A seamless post-production process begins with the pre-production process.
At Direct Edge Media, mastering a seamless post-production process actually begins with the pre-production process. Before the print communications company, with locations in Orange County and Anaheim, California, and Denver, even begins to think about cutting, laminating, sewing, kitting, and shipping, they’re focused on perfecting what happens before printing.
“If it’s organized and dialed in, then your post-production is more streamlined because your employees know what to do and can hit the ground running,” says Ryan Clark, president, Direct Edge Media.
The major benefit to digital printing and cutting is the opportunity to print prototypes for clients. “We like to make complete one-offs before the job is done so we can show the client and the production team what the final product will look like and that it’s been signed off by the client. That way you’re not having an operator run a thousand sheets that are totally wrong,” says Clark.
To really bring the customer’s concept to life, Direct Edge has its own mock-up retail store in-house (see above.) “We will set up the display entirely with the design so the client can walk over to the glass window and see if it’s right,” says Clark. They’re able to see any changes made and approve of the final look. “The pre-production is done so the post-production team can have the physical sample to compare.”
Because many of Direct Edge’s clients are shut down due to COVID-19, Clark and his team will send a photo of the replica store or invite them into their space. “Of course there are people who are picky and they want to tweak, but that’s the advantage of digital,” he says. “We can change the color, make this, fold, make this three inches wider, etc.”
Sometimes the shop and the clients can go back and forth on multiple prototypes in just one month. Clark says it really depends on how complicated the project is; other times it’s more conceptual. A good example of this is a recent Airstream trailer they created out of cardboard. “That’s where our designers may spend a long time figuring it out,” he says. But at the end of the day, it’s better for the post-production team to have the approved prototype because they know what the final product will look like before the print process even begins. Direct Edge Media relies heavily on their Zünd cutters. They have four at their Orange County location; technically five, as one has a double-head. “We’ll cut it four times on the Zünd to make sure it’s right,” says Clark..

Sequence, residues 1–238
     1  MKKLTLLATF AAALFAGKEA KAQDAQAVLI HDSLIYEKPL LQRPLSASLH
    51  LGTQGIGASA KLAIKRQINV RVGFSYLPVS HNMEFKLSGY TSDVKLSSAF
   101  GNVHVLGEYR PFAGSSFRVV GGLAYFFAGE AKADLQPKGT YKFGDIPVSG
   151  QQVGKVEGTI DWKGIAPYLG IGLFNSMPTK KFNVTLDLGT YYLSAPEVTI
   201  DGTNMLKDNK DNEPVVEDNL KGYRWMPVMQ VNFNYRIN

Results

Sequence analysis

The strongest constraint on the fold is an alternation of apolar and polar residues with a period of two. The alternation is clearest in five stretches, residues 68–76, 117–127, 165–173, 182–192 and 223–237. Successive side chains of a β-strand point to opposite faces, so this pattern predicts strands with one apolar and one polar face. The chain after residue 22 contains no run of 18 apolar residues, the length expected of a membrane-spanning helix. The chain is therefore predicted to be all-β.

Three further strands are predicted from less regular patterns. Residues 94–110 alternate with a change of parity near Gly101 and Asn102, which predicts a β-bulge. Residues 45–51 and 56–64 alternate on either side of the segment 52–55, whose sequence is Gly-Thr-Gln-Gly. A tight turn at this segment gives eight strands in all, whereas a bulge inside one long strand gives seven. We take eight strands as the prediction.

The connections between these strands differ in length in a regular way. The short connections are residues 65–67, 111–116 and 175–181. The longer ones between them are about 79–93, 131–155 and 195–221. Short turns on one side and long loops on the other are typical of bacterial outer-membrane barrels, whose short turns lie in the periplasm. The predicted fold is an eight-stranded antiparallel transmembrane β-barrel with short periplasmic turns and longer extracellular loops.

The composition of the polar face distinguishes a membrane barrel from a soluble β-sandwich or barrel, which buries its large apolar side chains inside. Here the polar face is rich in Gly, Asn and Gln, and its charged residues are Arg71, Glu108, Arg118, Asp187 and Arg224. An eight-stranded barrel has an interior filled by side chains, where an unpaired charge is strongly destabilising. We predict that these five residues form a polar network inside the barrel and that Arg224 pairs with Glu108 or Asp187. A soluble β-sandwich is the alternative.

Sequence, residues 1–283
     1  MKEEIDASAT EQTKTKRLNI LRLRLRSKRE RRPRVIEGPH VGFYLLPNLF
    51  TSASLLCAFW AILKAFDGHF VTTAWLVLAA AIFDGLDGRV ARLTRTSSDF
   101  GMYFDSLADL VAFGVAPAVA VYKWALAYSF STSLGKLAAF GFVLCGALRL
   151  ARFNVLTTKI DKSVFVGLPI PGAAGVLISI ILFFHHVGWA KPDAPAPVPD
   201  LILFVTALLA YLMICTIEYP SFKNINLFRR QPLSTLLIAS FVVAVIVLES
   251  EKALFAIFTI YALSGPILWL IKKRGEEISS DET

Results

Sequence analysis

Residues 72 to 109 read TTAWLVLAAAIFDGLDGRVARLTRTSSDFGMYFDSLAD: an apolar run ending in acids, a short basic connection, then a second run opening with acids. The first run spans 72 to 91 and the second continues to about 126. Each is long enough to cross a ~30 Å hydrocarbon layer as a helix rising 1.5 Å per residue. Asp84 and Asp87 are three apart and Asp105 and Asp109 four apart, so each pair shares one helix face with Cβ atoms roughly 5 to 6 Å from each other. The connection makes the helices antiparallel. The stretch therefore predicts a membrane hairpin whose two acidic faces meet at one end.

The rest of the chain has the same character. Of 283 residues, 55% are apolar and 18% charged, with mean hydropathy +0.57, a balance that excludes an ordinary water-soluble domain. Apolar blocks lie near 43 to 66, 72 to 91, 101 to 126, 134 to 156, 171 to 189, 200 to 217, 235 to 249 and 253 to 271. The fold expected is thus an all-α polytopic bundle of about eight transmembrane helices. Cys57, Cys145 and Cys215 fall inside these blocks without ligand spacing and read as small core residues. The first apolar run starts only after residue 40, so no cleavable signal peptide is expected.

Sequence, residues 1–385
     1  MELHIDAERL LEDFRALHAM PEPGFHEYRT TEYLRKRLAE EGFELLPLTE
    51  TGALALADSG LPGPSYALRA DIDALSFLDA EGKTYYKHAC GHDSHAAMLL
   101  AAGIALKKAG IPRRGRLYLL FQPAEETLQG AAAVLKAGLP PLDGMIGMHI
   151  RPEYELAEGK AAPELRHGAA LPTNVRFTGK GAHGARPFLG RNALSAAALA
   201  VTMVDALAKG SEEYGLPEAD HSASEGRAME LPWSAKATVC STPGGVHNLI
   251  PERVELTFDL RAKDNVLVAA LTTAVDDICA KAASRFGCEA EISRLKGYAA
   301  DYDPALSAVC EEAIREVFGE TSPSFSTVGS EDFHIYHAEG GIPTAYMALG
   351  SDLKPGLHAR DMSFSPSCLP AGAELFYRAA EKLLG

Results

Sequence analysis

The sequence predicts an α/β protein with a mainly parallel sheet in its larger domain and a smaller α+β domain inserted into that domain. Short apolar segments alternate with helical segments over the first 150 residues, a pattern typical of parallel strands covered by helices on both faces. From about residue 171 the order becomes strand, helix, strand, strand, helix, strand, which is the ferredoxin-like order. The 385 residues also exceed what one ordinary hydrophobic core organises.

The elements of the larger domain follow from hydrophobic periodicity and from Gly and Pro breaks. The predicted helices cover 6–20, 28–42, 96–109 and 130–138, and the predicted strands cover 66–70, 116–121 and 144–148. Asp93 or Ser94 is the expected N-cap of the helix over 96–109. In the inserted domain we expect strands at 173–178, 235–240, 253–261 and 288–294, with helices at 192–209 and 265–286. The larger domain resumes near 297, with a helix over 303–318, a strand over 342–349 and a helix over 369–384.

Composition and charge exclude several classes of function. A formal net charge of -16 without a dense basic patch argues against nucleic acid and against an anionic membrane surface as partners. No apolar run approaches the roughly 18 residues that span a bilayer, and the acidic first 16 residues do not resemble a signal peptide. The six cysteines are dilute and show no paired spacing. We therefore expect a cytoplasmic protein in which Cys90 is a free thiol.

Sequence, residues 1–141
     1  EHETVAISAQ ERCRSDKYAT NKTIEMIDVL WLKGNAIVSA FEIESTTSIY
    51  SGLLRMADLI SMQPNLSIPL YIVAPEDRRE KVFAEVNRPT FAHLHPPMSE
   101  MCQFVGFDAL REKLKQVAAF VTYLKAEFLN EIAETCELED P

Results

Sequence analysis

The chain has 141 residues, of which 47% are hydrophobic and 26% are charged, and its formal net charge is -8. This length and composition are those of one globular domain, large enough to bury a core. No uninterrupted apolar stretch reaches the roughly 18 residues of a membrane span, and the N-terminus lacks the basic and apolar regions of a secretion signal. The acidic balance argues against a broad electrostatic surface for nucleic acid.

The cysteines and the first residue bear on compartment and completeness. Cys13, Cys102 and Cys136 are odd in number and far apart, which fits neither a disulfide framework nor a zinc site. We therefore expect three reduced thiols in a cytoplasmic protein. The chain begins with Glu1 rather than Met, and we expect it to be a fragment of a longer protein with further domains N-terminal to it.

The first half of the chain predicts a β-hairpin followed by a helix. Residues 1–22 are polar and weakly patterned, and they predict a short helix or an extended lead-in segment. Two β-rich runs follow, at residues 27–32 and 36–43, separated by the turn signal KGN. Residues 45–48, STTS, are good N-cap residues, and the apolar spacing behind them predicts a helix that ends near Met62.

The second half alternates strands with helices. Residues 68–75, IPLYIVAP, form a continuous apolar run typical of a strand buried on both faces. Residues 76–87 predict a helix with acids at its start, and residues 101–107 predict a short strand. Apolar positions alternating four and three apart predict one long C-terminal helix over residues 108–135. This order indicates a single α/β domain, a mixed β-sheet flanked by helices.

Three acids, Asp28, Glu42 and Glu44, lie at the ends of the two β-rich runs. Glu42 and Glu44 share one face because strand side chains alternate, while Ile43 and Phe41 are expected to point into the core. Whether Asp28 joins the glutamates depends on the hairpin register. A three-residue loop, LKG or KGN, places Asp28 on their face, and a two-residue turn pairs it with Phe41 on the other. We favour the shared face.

When asked the age-old question, “What’s your bottleneck?” Clark turns to his employees. “No matter what, it’s always going to come down to each member of the team setting up the next one for success.” He stresses the importance of hiring great people and taking preventable measures like training. “Training is difficult, especially if you have high turnover,” he says. “As our company is growing, it’s difficult to maintain our high-quality standards while still working around the clock or on weekends.
Training our operators to know how to run a particular piece of equipment is the first step. Having them be able to look at the bigger picture of the entire project is really the goal. Does the banner match the postcard, and how will they both fit into the same box?”
Clark could talk for days about his shipping woes. Since the shop opened in 2011, the Direct Edge Media team has learned (the hard way) that something is inevitably going to get off thrown off a truck or be the first box to drop from a four-story conveyor belt. They’ve spent a lot of time finessing their packaging tricks. “Acrylic boxes are really fragile so we will double box, put in foam corners, and then box it again,” says Clark. “You have to assume if it’s going to drop 15 feet, it’s going to break it, even if you wrap it in bubble wrap five times,” which gets into third-party shipping, he says. “A lot of companies want us to use their UPS or FedEx number. The breaking of the box is then on the client’s end, but they don’t know that so we try to do everything through our accounts so we can handle that and be full service. UPS and FedEx make it really difficult to file a claim so we include it in our overall service plan.” If something happens (like a perfectly packaged box is run over by a truck – true story), Direct Edge Media will figure it out and deal with it so the client doesn’t have to.
Packaging and shipping is the biggest stressor in the post-production process for Clark and his team because once it’s left the shop’s doors, they have no control over what happens from that moment to when it gets to the client – if it gets to the client.
The current climate isn’t helping either. “The postal service, FedEx, all shipping is terrible right now,” due to COVID-19, says Clark. “They say they’re at Christmas-level shipping volume, but only have 75-percent employment. Once again, more pressure is on the printer to get things out a day or two earlier so their deadlines will be met.”
[Editor’s note: If you want to share your shipping horror stories, send Adrienne Palmer an email and we’ll cover it in a later issue of Big Picture.]